Book Review – Questions Jesus Asks: Where Divinity Meets Humanity (13/8)

When I read the gospels, one of the things I most enjoy reading is how Jesus often rebuts his questioners with a stumbling question. Seeing how this book deals with questions that Jesus raises, I eagerly took it up and read it. And I have to say I come away from this book having benefitted much from what Israel Wayne has written.

Questions Jesus Asks: Where Divinity Meets HumanityWayne first talks about one of the few paradoxes a christian has to live with: Is Jesus omniscience? He tackles the problem in a easily understandable manner and lists out why certain options are wrong or right. Next Wayne then goes on to the various questions that are raised by Jesus within the bible.

In the midst of tackling these questions, Wayne uses these questions to teach doctrinal lessons to the readers. For example in the chapter on John 8, where the adulterous woman was brought to Jesus. Wayne first tackles some of the historical knowledge of what usually happens when someone is accused of committing adultery. Next, he presents some problems within this situation, and how Jesus resolves the issue and forgiving the women. Yet, this forgiveness has to come at a great cost. He brings the readers to how Jesus is able to declare that our sins for forgiven — He took on our punishment. God has made him who knew no sin to be sin. Here he ends off beautifully with this question which I would like to quote to show you how he ends this chapter:

“Because of Christ’s sacrifice, we hear His words addressed to us: “Has no one condemned you?” We receive our answer in the words of Scripture.
There is therefore now no condemnation to them which are in Christ Jesus, who walk not after the flesh, but after the Spirit. For the law of the Spirit of life in Christ Jesus hath made me free from the law of sin and death (Rom. 8:1–2; KJV).”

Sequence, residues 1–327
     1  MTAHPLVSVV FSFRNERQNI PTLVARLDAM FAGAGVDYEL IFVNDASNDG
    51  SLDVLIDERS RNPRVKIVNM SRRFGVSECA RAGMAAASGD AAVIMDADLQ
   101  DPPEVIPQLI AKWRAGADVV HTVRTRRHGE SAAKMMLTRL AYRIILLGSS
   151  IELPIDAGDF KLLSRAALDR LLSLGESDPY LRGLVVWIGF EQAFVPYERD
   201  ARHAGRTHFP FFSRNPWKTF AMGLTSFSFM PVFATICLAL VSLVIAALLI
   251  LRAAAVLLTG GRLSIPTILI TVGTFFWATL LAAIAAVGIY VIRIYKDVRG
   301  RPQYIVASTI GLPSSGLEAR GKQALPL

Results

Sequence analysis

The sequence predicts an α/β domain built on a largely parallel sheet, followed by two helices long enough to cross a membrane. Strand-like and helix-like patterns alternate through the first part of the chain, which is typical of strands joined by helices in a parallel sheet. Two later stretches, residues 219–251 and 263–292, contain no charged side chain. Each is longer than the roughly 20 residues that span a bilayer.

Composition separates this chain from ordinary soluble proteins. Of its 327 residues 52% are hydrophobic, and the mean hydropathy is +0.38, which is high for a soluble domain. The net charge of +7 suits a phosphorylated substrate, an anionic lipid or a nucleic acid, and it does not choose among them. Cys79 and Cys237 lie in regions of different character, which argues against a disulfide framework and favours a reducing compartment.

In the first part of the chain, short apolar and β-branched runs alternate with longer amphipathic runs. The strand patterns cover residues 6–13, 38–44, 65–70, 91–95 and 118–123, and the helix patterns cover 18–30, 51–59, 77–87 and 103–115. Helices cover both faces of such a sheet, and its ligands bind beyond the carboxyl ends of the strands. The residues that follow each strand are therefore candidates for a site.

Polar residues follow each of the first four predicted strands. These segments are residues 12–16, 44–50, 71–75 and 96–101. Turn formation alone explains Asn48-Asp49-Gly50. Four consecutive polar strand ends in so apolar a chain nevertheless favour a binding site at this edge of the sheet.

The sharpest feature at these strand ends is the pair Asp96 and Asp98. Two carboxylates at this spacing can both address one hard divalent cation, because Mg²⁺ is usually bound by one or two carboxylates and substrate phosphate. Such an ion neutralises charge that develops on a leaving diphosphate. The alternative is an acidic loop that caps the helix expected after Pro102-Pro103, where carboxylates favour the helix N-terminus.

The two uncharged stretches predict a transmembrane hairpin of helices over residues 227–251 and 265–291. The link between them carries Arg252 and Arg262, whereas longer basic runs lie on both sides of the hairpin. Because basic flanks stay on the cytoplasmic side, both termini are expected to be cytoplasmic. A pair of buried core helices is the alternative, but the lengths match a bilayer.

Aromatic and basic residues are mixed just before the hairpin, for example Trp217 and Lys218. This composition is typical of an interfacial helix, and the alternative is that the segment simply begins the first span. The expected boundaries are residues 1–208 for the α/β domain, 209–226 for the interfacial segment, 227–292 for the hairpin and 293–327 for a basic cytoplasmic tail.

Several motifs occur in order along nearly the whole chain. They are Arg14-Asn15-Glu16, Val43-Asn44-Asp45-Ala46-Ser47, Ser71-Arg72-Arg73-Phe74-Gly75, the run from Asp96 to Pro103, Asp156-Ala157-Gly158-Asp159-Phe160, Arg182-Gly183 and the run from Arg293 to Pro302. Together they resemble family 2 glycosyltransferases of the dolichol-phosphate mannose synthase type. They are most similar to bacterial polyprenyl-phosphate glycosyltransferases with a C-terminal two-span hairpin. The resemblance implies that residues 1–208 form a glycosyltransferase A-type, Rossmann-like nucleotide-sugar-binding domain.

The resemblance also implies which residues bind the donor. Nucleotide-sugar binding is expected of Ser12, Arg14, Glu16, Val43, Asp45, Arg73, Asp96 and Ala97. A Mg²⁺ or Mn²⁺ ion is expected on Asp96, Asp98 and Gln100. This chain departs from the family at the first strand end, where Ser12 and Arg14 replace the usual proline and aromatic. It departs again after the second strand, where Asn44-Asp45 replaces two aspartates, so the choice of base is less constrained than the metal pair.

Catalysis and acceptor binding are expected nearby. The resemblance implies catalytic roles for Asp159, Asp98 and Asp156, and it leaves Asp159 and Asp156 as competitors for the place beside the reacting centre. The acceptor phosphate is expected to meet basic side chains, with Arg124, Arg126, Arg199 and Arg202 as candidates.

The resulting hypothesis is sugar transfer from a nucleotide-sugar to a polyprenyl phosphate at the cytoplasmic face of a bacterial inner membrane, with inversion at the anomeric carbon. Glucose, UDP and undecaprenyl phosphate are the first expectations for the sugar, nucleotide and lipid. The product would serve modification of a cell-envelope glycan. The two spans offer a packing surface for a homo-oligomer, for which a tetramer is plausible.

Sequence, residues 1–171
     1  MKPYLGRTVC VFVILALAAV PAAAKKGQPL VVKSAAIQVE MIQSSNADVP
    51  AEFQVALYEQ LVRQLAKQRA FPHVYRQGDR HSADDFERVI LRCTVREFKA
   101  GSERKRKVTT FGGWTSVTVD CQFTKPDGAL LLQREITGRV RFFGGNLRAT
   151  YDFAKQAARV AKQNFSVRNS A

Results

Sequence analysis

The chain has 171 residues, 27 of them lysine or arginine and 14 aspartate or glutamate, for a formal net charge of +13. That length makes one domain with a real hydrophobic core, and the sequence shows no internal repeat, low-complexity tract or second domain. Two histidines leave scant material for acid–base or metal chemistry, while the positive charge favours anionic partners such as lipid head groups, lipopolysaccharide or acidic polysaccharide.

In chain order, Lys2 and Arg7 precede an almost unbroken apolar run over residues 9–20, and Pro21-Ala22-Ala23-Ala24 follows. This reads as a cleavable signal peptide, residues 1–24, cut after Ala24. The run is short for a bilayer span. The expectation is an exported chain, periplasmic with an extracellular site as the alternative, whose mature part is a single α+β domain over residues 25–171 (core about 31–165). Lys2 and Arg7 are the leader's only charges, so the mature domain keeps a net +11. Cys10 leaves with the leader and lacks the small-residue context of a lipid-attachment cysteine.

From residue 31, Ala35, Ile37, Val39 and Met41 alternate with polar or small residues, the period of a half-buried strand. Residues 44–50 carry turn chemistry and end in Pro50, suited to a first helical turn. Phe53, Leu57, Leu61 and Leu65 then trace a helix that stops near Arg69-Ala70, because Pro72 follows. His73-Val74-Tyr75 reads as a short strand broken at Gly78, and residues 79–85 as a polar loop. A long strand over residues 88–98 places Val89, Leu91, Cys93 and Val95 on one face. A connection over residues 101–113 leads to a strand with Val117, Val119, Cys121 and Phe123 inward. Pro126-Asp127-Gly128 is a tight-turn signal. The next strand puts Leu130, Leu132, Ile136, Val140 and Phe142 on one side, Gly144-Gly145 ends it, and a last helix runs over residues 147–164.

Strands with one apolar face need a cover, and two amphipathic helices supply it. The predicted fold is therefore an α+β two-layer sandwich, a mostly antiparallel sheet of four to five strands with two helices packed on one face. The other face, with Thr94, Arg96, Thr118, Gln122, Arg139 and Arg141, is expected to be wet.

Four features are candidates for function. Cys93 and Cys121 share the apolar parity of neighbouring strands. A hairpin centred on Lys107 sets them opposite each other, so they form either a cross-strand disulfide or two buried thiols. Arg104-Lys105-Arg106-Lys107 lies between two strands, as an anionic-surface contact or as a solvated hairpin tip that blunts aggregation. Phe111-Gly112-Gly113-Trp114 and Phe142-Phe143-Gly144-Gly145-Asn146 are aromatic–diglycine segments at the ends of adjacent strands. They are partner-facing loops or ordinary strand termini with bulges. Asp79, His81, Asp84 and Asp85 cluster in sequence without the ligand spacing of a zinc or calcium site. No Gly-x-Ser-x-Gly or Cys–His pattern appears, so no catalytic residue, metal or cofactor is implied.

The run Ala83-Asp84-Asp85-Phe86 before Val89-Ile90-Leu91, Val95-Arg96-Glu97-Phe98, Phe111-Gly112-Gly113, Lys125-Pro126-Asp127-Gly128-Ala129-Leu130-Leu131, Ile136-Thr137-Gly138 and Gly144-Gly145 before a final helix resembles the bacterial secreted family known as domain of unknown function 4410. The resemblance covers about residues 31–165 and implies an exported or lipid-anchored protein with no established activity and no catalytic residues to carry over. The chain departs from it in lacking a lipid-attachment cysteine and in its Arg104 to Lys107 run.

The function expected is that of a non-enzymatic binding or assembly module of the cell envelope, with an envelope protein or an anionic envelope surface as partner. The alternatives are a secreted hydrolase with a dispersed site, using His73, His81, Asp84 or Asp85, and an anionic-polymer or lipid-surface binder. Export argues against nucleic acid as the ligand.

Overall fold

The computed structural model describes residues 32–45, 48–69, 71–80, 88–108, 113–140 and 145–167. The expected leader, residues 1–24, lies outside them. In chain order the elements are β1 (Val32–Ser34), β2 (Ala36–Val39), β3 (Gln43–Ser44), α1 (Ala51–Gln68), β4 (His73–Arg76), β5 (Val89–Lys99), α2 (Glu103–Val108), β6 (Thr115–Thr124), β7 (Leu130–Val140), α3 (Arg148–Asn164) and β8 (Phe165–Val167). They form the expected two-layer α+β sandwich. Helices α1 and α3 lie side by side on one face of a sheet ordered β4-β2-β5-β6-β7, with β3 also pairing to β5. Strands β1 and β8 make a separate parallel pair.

Wayne writes in a humorous and engaging manner while at the same time letting the readers interact with the words of Jesus in each of the chapter. I highly enjoyed reading this book and would recommend this book to anyone who is new to the christian faith to read it. Pastors who are interested to grow their youth groups in doctrinal studies can also use this book as a platform to discuss about the points raised in each chapter.

Rating: 4.5 / 5

If you’re interested, you can get it here and here (free international shipping), Kindle.

Disclaimer: I was given this book free from the publisher in exchange for an honest review

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Book Review – Common Grace and the Gospel (21/6)

Those who are in the reformed circles for some time, will quickly be aware of the importance of Cornelius Van Til. And If you have dabble into various works by the students of Van Til (Frame, Oliphint, etc), you would often see them refer to this work by Van Til. However, you would quickly realised that this book was last published in the 1970s, that is until now.

Common Grace and the GospelP&R Publishing has very recently republished this very title, and so I eagerly picked up this book to read and review it. This book has been one of the most enlightening and thought-provoking book on common grace I have read so far. 7 to 49

K. Scott Oliphint has written an excellent forward for this book that alone is worth the price of the book. The forward is around 40 pages, which spells out clearly what the Van Til will address within the book. For any readers who intends to read this book, it is recommended that you do not skip the forward. Instead take time to read through the forward which will be a sure guide for the book.